Throughout the movie—foremost, in the tentative first encounters of Adonis and Rocky—scenes that skirt the edge of cliché veer into new light through Coogler’s keen attention to emotional specifics richly endowed with the weight of the past. One of the strengths of his writing and direction—strengths that are greatly reinforced by the performances and the presences of Jordan and Stallone—is the ambivalent force of memory and heritage. I have a new respect for fighters.” “It’s not cheesy or forced,” he promises. “Sometimes sequels are pumped out just to make money, but this is legit. From the start of their sentimental yet fraught connection, the director and the actors dramatize the equal likelihood of powerful experiences proving burdensome or energizing, of an enduring pain serving as motivation or as destruction.

There are some viscerally powerful boxing scenes, but ultimately the flesh of “Creed” has almost as much to do with relationships as it does with the sweet science. The red-white-and-blue occasion was worked into the film’s script. (Later, in 1812, the colonies won a rematch against Britain by a controversial split decision.) The mid-seventies were the fighting years of Rocky and the born-to-run Bruce Springsteen, a rock balladeer who sang of highways jammed with broken heroes and last-chance power drives. Both the friendship between Donny and Rocky, whom the young man endearingly calls “Unc,” and the shyly sweet romance that Donny embarks on with Bianca (Tessa Thompson), an aspiring musician who lives below him, are finely etched. We can see the Italian Stallion’s up-punching fight as the fight of Stallone, a monosyllabic unknown writer-actor up against a major studio that wanted his script but not his acting. Stallone won the battle to star in his film – a “sentimental slum movie,” in the words of a decidedly unmoved Vincent Canby of The New York Times, which won three Academy Awards.

He’s Socratically aware of what he doesn’t know, and his quest—to become a professional through submission to the stern tutelage of an experienced teacher—drives the film. Director and co-writer Ryan Coogler, who worked with Jordan on the excellent “Fruitvale Station,” knows how to get the most out of his star, whose performance in “Creed” is rich and rewarding enough to wash the taste of “Fantastic Four” out of the mouth. An American classic, Rocky featured a colourful ensemble of characters: weird, just-surviving oddballs, including Rocky, a thumb-breaker for the Mob who was too kind-hearted for the job.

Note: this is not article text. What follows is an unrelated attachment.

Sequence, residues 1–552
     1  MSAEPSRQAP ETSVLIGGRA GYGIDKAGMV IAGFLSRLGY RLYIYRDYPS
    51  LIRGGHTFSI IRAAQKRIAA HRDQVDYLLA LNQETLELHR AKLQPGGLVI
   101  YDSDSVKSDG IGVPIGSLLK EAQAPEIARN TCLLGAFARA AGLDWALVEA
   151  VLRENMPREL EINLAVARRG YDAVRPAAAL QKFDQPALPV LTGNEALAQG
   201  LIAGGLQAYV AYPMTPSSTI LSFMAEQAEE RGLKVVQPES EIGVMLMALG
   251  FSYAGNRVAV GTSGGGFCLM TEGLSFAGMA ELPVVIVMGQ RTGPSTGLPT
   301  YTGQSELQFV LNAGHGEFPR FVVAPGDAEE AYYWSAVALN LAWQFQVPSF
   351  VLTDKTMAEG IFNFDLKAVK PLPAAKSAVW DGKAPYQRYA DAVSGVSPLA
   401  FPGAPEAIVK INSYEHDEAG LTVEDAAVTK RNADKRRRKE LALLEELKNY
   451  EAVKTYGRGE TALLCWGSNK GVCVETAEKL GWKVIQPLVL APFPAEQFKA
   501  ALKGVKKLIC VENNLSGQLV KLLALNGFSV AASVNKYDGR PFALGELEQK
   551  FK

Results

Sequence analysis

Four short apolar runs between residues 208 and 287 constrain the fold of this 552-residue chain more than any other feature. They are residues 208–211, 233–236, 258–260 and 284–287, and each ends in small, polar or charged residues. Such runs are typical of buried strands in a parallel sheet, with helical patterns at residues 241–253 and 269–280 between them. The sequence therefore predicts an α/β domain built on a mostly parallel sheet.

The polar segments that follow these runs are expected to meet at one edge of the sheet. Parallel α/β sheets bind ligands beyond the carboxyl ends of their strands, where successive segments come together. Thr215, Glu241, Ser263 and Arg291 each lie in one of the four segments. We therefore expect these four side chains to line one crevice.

The film was dark, with memorable scenes of ugly Thanksgiving dinners and heavy confrontations between Rocky and Burgess Meredith’s gnarled guide Mickey Goldmill. Now-familiar Rocky training montages — yes, Adonis chases a frantic chicken around and there are a few teasing bars of Bill Conti’s Rocky theme song — lead to fights that look close to real.

Evoking a sense of place that goes deeper than shots of the Ben Franklin statue atop City Hall, Coogler evinces an affection for the City of Brotherly Love that feels both genuine and knowing. It was Mick who disdainfully suggested that Rocky retire, but then switched gears when hired as his trainer. “You’re gonna eat lightning and you’re gonna crap thunder,” he growled to his charge. Actual boxers, including Brit Tony Bellew as “Pretty” Ricky Conlan, and tight camerawork from French cinematographer Maryse Alberti (The Wrestler) complete the screen illusion.